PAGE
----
Experts say "13 Reasons Why" can also be a trigger for vulnerable teens.
"I have had a couple of kids in the last one week, just because of the show they were watching, they said they felt like they wanted to self harm," said Dr. Aparna Vuppala.
She is a child and adolescent psychiatrist in Huntsville. She said the show highlights real issues, but not real solutions.
"I have a problem with [it] because why are you committing self harm, why are you committing suicide, does not lead us to a healthy place," Dr. Vuppala said. "We need to talk about why not to, that will lead us to a healthy place."
Catalyst for Conversation
Netflix said the show is meant to be a catalyst for conversation.
Those conversations are happening in places like Arab High School.
"I've had several students who have mentioned the show to me and how difficult later episodes were to watch," said Hammond. "I want students to feel open to talk about it and so maybe it would bring an issue that people feel like they cannot even say the word, so that we could discuss it in a manner so that they might learn more from that."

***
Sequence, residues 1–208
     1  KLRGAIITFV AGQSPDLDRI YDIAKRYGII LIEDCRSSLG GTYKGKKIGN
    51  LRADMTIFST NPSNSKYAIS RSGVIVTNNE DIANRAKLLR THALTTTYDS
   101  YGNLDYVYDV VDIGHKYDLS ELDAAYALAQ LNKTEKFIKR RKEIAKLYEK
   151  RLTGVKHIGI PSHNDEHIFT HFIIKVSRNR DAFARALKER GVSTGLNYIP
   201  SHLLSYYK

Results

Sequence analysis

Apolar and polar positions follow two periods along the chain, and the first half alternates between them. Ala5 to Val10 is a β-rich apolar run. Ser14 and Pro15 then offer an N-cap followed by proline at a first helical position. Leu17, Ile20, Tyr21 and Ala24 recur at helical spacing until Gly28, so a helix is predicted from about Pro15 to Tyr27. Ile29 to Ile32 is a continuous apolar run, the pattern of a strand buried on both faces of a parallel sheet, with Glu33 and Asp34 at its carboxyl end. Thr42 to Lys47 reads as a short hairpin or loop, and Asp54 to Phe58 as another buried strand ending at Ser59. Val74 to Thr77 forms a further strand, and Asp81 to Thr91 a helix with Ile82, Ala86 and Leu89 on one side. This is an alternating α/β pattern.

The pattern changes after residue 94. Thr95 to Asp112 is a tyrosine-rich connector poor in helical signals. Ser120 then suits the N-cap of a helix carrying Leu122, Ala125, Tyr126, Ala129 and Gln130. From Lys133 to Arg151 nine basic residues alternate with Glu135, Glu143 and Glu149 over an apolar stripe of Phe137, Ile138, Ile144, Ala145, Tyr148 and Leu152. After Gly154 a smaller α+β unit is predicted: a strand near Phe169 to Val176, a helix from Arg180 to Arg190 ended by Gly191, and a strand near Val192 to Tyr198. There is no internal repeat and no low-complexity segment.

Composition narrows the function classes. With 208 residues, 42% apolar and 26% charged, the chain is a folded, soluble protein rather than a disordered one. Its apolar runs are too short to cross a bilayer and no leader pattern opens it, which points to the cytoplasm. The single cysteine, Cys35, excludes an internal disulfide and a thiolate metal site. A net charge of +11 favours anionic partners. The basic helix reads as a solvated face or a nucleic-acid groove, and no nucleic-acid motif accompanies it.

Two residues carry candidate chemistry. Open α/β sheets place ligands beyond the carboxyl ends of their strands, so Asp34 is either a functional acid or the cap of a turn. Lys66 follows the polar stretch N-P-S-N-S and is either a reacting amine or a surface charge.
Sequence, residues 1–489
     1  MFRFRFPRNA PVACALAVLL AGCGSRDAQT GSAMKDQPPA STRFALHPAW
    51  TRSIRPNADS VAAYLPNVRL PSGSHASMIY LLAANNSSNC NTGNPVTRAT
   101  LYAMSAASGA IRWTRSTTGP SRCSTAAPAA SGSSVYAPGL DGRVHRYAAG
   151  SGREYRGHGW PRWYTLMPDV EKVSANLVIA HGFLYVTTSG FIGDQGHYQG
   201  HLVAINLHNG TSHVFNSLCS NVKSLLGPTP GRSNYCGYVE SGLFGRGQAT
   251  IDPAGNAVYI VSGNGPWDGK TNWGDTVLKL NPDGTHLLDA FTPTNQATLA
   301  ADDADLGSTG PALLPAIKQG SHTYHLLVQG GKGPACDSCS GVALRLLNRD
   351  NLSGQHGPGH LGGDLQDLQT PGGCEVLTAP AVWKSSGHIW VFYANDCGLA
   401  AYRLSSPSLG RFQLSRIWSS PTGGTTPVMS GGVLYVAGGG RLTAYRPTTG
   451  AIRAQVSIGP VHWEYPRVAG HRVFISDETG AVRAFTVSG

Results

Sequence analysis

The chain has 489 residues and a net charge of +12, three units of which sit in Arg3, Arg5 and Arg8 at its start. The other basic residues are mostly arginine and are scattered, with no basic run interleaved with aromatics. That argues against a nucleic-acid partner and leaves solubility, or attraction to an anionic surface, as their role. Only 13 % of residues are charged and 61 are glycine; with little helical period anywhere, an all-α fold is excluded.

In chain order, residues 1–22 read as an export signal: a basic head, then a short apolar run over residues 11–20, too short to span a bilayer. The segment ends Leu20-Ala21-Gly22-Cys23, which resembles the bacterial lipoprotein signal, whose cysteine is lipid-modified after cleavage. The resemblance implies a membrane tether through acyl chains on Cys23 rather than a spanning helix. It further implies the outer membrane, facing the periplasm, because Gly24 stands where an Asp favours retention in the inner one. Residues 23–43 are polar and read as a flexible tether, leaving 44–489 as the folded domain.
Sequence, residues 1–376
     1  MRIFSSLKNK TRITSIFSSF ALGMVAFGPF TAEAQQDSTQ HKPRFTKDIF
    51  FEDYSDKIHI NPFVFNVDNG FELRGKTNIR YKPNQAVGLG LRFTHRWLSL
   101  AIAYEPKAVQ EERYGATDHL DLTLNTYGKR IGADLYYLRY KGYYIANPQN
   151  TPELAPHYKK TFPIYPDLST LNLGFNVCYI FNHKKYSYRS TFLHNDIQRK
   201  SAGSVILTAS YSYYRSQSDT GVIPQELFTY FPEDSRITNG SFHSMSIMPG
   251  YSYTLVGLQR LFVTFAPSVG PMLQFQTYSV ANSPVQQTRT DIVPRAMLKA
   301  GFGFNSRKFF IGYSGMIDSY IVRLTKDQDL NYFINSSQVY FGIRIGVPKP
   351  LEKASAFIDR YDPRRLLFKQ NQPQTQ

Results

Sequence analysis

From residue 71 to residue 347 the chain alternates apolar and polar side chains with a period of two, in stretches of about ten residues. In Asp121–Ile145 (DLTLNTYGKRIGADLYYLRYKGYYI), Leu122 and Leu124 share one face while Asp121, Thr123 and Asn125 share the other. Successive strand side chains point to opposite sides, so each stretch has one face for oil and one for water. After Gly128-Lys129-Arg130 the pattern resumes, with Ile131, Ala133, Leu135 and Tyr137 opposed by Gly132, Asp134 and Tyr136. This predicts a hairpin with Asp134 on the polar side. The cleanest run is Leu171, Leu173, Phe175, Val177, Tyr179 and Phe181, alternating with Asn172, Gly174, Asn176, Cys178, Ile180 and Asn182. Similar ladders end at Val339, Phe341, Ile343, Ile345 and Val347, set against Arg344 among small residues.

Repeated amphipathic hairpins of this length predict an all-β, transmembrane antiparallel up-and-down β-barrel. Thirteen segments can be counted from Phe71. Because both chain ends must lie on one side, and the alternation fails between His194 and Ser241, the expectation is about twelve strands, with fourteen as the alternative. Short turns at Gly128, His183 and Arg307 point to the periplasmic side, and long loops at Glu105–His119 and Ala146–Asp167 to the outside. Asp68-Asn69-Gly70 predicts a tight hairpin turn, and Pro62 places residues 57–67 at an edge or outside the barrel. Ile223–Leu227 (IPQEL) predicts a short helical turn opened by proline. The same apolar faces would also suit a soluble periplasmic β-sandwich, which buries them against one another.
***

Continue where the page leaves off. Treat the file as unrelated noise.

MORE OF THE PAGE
The conversations are also happening at Monrovia Middle School, where Austin teaches her students to be proactively kind.
"That's really what our kids need to learn from this," said Austin, "is not only to help themselves, but we need to be kinder."
Many teenagers are also interpreting the show as a lesson in empathy.
"Now I think twice about what I say to people, how I act towards them," said Arab High School junior Caleigh Kitchens. "Could this really hurt them?"